Battleground Ohio Podcast

Battleground Ohio: Assessing the 2016 Presidential Race — a weekly podcast from the Political Science Department at Bowling Green State University.

Insights on the race from BGSU’s experts in American politics with a special emphasis on the biggest battleground state of them all, Ohio.

Late October Surprises, Turnout & the Vote of Women and Minorities – November 1

With less than one week to go before the 2016 election, a late October surprise could affect both turnout and the election outcome. Dr. Nicole Kalaf-Hughes and Dr. Melissa Miller weigh in on the FBI discovery of emails that may be pertinent to Hillary Clinton’s use of a private email server as Secretary of State. Special attention is paid to possible effects among key segments of the electorate: women, African Americans and Latinos.

Previous Episodes

Questions of character may dominate media coverage of the 2016 campaign, but the economy tops the specific issue concerns of voters. Dr. Melissa Miller joins Wade Gottschalk, the Executive Director of the Wood County Office of Economic Development, to compare the economic proposals of Hillary Clinton and Donald Trump. They do so against the backdrop of current economic conditions, voter perceptions of America’s economic performance, and the propensity of voters to weigh both economic conditions and their personal economic fortunes when casting a ballot.

Foreign policy rivals the economy as an issue of deep concern to voters in 2016 – even as character issues seem to dominate media coverage of the campaign. Dr. Marc Simon and Dr. Neil Englehart assess the considerable differences between Hillary Clinton and Donald Trump on a range of issues. ISIS, immigration, international trade, Syria and the future of NATO are among the key foreign policy issues on which the two major-party nominees differ. Clinton and Trump’s foreign policy positions are contrasted with one another as well as with the foreign policy of President Obama.

Could millennial voters tip the balance toward Hillary Clinton or Donald Trump in 2016? Drs. David Jackson and Melissa Miller discuss the millennial vote in light of young voter demographics, the unpopularity of the two major party nominees, the potential for celebrity endorsements to sway young voters, and the recent rescinding of Trump endorsements by Republican elected officials in response to recent developments.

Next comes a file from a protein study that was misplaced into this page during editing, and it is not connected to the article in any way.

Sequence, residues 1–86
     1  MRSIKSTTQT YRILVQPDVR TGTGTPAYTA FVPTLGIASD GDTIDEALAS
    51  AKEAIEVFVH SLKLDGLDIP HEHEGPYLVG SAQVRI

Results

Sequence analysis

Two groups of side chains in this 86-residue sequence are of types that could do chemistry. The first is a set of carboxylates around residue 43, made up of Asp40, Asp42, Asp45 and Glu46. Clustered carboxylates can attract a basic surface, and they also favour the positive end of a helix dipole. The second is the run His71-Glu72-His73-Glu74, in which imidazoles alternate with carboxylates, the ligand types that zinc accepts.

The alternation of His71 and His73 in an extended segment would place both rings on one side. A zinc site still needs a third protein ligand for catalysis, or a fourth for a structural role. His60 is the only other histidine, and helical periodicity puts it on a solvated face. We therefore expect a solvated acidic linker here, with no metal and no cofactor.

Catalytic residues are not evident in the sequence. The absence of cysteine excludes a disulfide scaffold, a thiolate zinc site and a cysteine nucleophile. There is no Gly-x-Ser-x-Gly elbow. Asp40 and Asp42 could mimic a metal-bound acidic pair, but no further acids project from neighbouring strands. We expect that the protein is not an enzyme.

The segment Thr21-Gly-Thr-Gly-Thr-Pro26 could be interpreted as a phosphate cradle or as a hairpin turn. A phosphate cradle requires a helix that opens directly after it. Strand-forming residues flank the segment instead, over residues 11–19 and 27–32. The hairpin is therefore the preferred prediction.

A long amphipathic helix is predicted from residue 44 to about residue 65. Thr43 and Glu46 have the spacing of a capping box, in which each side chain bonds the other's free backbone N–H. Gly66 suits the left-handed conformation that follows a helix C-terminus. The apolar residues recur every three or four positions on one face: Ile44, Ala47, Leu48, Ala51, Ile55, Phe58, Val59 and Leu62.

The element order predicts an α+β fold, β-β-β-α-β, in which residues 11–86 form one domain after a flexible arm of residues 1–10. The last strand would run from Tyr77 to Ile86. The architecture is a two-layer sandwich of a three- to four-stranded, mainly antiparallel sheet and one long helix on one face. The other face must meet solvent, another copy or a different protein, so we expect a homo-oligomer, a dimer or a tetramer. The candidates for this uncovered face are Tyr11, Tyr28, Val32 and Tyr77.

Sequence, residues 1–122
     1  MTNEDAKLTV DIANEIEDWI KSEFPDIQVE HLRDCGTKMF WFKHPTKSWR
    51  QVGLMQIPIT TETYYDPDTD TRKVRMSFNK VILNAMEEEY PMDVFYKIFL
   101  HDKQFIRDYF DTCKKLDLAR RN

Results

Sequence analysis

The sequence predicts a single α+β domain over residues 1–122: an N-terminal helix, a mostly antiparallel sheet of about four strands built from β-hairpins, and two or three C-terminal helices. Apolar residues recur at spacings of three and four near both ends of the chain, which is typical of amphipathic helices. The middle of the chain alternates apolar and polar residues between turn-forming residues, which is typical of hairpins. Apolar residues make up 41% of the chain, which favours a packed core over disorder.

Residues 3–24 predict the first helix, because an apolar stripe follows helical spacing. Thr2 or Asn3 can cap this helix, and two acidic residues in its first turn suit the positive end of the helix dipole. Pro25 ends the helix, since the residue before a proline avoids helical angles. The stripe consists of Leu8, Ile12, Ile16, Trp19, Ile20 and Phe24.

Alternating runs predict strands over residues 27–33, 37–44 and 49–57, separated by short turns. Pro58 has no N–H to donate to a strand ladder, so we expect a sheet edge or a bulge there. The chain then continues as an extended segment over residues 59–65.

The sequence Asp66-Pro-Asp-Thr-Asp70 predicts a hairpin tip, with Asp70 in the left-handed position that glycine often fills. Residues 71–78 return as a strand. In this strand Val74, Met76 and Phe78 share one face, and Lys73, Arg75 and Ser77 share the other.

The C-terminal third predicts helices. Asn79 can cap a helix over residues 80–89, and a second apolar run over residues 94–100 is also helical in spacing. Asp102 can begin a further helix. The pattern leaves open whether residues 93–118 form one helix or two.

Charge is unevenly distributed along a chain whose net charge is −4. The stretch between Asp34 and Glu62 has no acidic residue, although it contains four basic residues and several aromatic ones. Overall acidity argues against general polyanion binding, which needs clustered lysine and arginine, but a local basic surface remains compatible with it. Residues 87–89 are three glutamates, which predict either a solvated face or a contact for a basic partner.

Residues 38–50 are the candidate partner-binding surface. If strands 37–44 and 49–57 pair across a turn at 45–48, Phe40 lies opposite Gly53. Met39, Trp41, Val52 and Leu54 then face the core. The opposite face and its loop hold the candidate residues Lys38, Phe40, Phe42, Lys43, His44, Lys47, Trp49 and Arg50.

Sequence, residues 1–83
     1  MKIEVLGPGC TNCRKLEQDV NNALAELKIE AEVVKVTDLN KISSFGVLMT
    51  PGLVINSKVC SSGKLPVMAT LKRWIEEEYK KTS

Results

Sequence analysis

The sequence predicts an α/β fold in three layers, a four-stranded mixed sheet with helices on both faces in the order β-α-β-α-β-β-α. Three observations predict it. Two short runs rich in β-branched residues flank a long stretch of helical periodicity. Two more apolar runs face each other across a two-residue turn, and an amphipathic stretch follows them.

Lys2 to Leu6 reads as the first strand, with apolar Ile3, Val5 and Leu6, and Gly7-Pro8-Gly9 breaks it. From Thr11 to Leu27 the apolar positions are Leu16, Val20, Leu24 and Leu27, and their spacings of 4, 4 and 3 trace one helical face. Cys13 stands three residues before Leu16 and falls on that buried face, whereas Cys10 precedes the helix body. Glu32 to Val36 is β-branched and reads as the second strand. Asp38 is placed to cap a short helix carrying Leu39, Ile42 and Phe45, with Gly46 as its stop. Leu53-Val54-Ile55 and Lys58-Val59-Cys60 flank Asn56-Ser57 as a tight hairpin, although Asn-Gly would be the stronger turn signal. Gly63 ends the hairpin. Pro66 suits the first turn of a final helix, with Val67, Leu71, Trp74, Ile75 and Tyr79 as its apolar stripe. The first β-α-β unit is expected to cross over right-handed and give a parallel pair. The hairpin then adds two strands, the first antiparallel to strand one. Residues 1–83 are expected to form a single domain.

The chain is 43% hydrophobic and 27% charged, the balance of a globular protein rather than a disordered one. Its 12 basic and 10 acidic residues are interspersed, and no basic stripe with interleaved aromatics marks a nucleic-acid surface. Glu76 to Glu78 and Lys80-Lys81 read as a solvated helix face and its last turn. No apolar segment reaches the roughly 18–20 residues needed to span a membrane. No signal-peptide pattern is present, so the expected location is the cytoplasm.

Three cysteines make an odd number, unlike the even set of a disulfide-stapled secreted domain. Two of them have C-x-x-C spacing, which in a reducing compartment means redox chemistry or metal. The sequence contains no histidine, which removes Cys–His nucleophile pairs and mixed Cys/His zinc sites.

Which party will control Congress after Nov. 8? Dr. Russell Mills and Dr. Nicole Kalaf-Hughes discuss the effects of the Trump versus Clinton battle on lower-level races for House and Senate. A possible rise in split-ticket voting, key states to watch, incumbents on the ropes, and races that are too close to call are assessed. Predictions on party control of each chamber are advanced in light of the historic turmoil at the top of the ticket.

What makes a difference in a close election? BGSU Political Scientists David Jackson and Melissa Miller dissect political science forecasting models that are already predicting a close outcome and discuss factors that could tip the balance toward Clinton or Trump. Each candidate’s performance in the first debate, their turnout operations, and endorsements are among the factors that could matter in 2016.

BGSU Political Scientists Nicole Kalaf-Hughes and Melissa Miller “Debate the Debates” on the eve of the first Clinton versus Trump showdown. Historically, debates rarely influence the election outcome, but conditions in 2016 are different. The three face-to-face encounters between Clinton and Trump may well influence voter attitudes, behavior and vote choice. Kalaf-Hughes and Miller explain why.

BGSU Political Scientists David Jackson and Russell Mills discuss a coveted sector of the 2016 electorate: white, male, working-class voters. While shrinking as a portion of the electorate, they are considered key to the 2016 outcome. Jackson and Mills discuss Trump’s targeted appeal to win them over, why his message resonates among them, and the unique challenges faced by Hillary Clinton – the first woman to be a major-party presidential nominee.

In this episode, Drs. Melissa Miller and Russell Mills, political scientists at Bowling Green State University, talk about Ohio’s pivotal role in the 2016 election, how Ohio’s economic performance will influence the vote, Trump’s attempts to find Reagan Democrats in the Buckeye State, Clinton’s advantage in on-the-ground organizing, and the potential for third-party candidates to influence the outcome in Ohio. This is the first episode in a series of weekly updates on the presidential campaign in America’s most important swing state.